Gov. Asa Hutchinson announced Friday he is extending the public health emergency declaration an additional 30 days. The declaration includes a directive that the mask mandate will continue, but it will end on March 31 if certain public health goals are maintained.

“If we can achieve a positivity rate of 10 percent or less, both PCR and antigen positivity rate, with at least 7,500 specimens on average, daily, then on March 31 we can move away from the mask mandate and it would become simply a guideline,” Hutchinson said.

“I waited to evaluate where we are on the cases before making a decision on whether this current State of Emergency should be extended; obviously in consultation with our Secretary of Health,” Hutchinson said at a news conference Friday. “So, today I am extending our public health emergency another 30 days, until March 31.”

Though Arkansas remains in a state of emergency, the state is making progress, according to Hutchinson.

In addition to the reduced number of cases each day, the state is making progress on vaccinations, the number hospitalizations is down, the positivity rate is below 10 percent and compliance with public health guidelines is at a all time high, according to Hutchinson.

Hutchinson also announced that all other public health directives that have been issued are now guidelines. He then presented a slide explaining the difference in a directive and a guidance:

A Directive, based on scientific data and a rational basis, is a mandate like an order with a potential penalty after due process.

A Guidance, based on scientific data, is a strong recommendation based on medical advice.

“So, we are moving from directives to guidance,” Hutchinson said. “The examples of where this would make a difference would be restaurants, gyms, salons, indoor venues and outdoor venues will be subject to the same guidance that we’ve had in the form of directives, but it will be guidance.”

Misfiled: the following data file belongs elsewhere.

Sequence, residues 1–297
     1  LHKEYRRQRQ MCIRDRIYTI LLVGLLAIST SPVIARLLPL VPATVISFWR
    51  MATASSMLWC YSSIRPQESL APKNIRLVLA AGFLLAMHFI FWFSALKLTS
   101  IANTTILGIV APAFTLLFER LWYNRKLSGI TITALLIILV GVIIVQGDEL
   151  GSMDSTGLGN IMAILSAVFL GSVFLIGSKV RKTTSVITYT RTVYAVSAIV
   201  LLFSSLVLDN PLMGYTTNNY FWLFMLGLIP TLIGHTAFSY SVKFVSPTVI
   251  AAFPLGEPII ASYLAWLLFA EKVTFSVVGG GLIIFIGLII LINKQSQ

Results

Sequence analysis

The reason for the change from directives to guidelines is the result of progress the state has made, according to Hutchinson.

“We’ve made progress in the pandemic. Businesses have adjusted and made changes in their business model in the interest of public health, and we’ve seen a steady decline in cases,” he said. “Also, we’ve had increased public education, so the public knows exactly what is needed to stop the spread of the virus. They know where they can go safely, where they can’t go safely, and they can make those judgments.”

Hutchinson said changing the directives to guidelines does not mean there will be a change in behavior. For example, state government will continue to tell departments to follow social distancing guidelines and wear a mask when they cannot social distance.

He said businesses will be incentivized to follow the guidelines because doing so gives them business liability protection. The business liability protection is based upon following public health guidelines and making a good faith effort to make sure their employees and customers are safe.

The change from directives to guidelines does not include directives relating to quarantine and isolation. “Those directives are still in place and are part of the emergency order and part of the essential work of the Department of Health,” Hutchinson said.